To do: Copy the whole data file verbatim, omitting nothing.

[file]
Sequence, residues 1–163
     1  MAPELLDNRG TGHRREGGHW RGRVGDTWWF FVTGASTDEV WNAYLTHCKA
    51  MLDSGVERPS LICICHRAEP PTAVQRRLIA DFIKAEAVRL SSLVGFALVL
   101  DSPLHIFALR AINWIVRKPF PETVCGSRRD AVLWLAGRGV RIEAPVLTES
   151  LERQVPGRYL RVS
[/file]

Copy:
Sequence, residues 1–163
     1  MAPELLDNRG TGHRREGGHW RGRVGDTWWF FVTGASTDEV WNAYLTHCKA
    51  MLDSGVERPS LICICHRAEP PTAVQRRLIA DFIKAEAVRL SSLVGFALVL
   101  DSPLHIFALR AINWIVRKPF PETVCGSRRD AVLWLAGRGV RIEAPVLTES
   151  LERQVPGRYL RVS